If we further look at this based on some prespecified analyses of adverse prognostic factors, they also looked at whether there was a benefit for lenvatinib-pembrolizumab vs sunitinib.6 And again, they ended up seeing benefits, including whether the patients had baseline bone metastases or liver metastases, stratification of PD-L1 status, and whether patients had sarcomatoid histology.

How do the survival data compare for the combination of lenvatinib and pembrolizumab?

When we look at the OS data, we see an early separation of the curves, where the lenvatinib-pembrolizumab survival curves separate quite early.6 We see a crossing of the curves later, beyond the 30-month mark, but based on the follow-up, that part of the survival curve certainly remains unstable. It’s unclear whether that will end up changing later. In terms of lenvatinib-everolimus, we see a quite similar OS, whether they were treated with sunitinib vs lenvatinib-everolimus up until about the 15-month mark, in which the sunitinib curve seems to be starting to separate from the lenvatinib-everolimus first-line data curve. In the 33-month follow-up, the median OS has not been reached and we continue to have a hazard ratio of 0.72 [95% CI, 0.55-0.93]. It’s still in the positive territory, moving up slightly, as we’ve seen with some of the other TKI-IO combinations with more standard follow-up.

If we compare ORRs, lenvatinib-pembrolizumab ended up showing a 71% ORR [95% CI, 66.3%-75.7%].6 Lenvatinib-everolimus was 54% [95% CI, 48.3%-58.7%] compared [with] sunitinib at 36% [95% CI, 31.2%-41.1%]. Relatively small numbers of [individuals] only had stable disease at 19.2%, whereas [stable disease for] the TKI without IO combinations or sunitinib by itself was well within the 30% range. With [individuals] with a primary progression of disease, there was a 5.4% primary PD rate for lenvatinib-pembrolizumab, 7.3% for lenvatinib-everolimus, and 14% for sunitinib.

One thing people often do talk about is the complete response [CR] rate. They were able to show a 16% CR rate with lenvatinib-pembrolizumab, 9.8% with lenvatinib-everolimus, and 4.2% with sunitinib—all of which were statistically significant. The median duration of response for lenvatinib-pembrolizumab was 26 months, lenvatinib-everolimus was 17 months, and sunitinib was 15 months. At the 24-month mark, 80% of [patients] who had a CR remained in CR in the intent-to-treat population, and [approximately] 74% who initially had a CR remained in CR at the 3-year mark at 36 months.

Are there notable toxicities for clinicians to be aware of?

In terms of thinking about the drug exposure for the patients, the median duration of drug treatment response was 17 months for lenvatinib-pembrolizumab,6 [11 months for] lenvatinib-everolimus, and sunitinib was 7.8 months. For treatment-emergent adverse events, as we have seen with most TKI combinations, most [individuals did] experience some [grade 3] treatment-emergent adverse events. Lenvatinib-pembrolizumab was 82%, lenvatinib-everolimus was 83%, and sunitinib was 71%. Many people also required some dose reduction within the TKI with close to 70% for [patients] treated with lenvatinib-pembrolizumab, 73.2% for lenvatinib-everolimus, and about half the patients for sunitinib.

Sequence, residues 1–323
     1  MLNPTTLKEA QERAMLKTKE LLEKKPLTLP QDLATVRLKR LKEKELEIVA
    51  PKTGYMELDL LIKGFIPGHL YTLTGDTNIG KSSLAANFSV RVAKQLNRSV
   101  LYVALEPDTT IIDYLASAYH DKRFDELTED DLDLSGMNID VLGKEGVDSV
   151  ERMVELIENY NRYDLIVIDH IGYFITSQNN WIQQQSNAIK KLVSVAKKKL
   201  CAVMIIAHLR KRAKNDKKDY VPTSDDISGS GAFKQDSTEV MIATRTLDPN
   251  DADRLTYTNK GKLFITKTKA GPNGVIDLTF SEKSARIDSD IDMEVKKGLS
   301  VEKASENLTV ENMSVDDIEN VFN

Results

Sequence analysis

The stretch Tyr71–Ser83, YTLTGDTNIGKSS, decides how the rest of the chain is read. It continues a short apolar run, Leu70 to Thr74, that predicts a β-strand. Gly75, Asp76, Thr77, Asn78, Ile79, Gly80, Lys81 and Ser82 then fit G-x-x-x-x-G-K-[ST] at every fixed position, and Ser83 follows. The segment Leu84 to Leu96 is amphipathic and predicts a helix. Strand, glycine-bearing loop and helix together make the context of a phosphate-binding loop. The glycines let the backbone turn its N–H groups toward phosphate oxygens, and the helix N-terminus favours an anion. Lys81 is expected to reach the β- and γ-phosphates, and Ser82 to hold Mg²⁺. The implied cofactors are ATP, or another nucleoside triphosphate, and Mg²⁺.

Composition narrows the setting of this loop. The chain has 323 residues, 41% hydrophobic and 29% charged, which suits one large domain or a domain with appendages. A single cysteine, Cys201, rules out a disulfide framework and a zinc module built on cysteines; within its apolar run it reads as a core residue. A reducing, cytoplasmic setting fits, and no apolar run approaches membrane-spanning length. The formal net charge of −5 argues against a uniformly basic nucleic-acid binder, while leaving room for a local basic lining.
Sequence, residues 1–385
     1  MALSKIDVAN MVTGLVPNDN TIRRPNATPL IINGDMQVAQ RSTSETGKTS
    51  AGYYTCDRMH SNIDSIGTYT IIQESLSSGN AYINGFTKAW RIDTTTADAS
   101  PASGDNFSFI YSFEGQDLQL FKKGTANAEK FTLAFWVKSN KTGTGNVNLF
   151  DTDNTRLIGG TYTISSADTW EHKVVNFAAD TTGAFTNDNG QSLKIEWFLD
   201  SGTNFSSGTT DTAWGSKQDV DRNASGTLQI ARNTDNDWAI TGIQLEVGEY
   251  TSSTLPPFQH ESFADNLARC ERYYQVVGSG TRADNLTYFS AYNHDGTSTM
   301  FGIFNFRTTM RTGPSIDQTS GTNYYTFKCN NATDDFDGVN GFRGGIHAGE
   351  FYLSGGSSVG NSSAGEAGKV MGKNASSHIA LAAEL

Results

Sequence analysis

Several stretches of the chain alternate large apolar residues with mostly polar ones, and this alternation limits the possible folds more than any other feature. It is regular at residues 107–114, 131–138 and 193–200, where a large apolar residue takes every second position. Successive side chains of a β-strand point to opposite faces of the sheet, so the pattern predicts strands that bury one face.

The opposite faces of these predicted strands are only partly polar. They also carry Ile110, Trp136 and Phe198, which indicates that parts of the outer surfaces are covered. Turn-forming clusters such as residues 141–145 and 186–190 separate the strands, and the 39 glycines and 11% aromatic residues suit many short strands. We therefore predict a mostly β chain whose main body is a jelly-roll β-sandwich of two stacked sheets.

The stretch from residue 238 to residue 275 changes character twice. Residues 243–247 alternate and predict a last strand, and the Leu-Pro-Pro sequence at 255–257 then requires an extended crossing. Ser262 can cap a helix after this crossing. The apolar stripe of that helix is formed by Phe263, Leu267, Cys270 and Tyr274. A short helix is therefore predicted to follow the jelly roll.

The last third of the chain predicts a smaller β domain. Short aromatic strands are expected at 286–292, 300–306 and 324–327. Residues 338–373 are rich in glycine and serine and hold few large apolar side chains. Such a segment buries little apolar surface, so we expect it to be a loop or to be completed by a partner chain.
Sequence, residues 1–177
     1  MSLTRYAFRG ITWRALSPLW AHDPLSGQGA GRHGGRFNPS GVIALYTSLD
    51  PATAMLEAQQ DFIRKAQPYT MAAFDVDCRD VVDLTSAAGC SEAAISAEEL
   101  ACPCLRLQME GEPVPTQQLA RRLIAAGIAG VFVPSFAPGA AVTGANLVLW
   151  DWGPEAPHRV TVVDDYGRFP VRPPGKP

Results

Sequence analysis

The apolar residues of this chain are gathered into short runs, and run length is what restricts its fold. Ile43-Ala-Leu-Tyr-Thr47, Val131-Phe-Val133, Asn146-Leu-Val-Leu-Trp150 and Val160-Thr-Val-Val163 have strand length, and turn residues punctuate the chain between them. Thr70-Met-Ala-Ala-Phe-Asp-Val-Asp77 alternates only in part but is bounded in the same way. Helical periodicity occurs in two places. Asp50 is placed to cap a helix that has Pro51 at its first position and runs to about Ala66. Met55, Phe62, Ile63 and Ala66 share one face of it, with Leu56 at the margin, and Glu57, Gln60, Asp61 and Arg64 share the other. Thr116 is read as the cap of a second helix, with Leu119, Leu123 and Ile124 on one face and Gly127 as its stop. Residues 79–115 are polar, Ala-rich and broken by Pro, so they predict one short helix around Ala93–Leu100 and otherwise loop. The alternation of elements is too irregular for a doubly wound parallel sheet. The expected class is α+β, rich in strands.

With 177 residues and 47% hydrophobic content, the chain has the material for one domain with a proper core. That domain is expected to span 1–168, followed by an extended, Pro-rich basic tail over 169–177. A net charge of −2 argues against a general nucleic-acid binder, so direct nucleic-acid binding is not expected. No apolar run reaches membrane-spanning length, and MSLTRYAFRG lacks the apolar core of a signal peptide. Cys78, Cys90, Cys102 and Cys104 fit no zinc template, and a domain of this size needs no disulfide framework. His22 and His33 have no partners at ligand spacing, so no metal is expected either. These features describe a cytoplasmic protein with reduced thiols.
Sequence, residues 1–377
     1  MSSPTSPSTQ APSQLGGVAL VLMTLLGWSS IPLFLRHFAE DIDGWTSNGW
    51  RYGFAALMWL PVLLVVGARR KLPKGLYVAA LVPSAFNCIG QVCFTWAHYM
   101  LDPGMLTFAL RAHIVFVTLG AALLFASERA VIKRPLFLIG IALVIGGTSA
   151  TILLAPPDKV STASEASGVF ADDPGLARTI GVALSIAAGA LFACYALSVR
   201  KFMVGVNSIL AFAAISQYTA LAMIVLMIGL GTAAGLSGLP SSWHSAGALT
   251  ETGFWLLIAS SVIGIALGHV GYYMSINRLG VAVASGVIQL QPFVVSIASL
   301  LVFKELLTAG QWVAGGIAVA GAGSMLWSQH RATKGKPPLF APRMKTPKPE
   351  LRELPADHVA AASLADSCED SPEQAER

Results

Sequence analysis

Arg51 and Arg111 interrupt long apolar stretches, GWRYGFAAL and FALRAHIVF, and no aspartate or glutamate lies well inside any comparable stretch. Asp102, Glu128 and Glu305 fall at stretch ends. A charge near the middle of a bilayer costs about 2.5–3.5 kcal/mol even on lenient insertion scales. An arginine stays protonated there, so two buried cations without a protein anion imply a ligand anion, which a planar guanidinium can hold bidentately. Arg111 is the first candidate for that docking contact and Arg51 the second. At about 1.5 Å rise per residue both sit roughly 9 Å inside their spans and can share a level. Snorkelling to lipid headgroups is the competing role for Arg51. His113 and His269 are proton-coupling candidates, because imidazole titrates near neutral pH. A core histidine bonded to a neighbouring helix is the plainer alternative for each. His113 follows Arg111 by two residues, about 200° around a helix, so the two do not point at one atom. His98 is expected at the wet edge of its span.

Toxicities requiring the actual discontinuation of the TKI were [approximately] 26% for lenvatinib-pembrolizumab, 22% for lenvatinib-everolimus, and 14% for sunitinib.6 For pembrolizumab, [approximately] 29% of [patients] had to discontinue and 25% had to discontinue the everolimus. In terms of discontinuing both medications, [approximately 13%] had to discontinue lenvatinib-pembrolizumab and 19% had to discontinue lenvatinib-everolimus.

Lenvatinib-pembrolizumab was associated with slightly higher levels of grade 3 diarrhea and hypertension.6 Stomatitis was about the same, [whereas] hypothyroidism was slightly higher and was also higher compared [with] sunitinib. The amount of fatigue was about the same, hand and foot syndrome was about the same, and proteinuria was certainly higher with lenvatinib-pembrolizumab, along with rash.

What are your dosing recommendations for this regimen?

[There are also] more practical considerations for lenvatinib-pembrolizumab. The recommended FDA starting dose is 20 mg daily, [whereas] pembrolizumab is 200 mg every 3 weeks or up to disease progression for up to 2 years. [Individuals] will continue the lenvatinib beyond the 2 years as a single agent either for PD or toxicity. Lenvatinib is given in 4-mg and 10-mg tablets. The recommended dose reduction scheme is to go from 20 mg to 14 mg to 10 mg.

There is complexity with this regimen with regards to having 2 different pills that are available. Certainly, the process for getting dose exchange may not be as smooth as we would hope for. That’s something worth mentioning to the companies when you talk about this, because that’s a real-world regimen in which they have some degree of dose modification. It certainly should be up to the companies to try to provide this in a way that we can effectively follow their dose reduction scheme.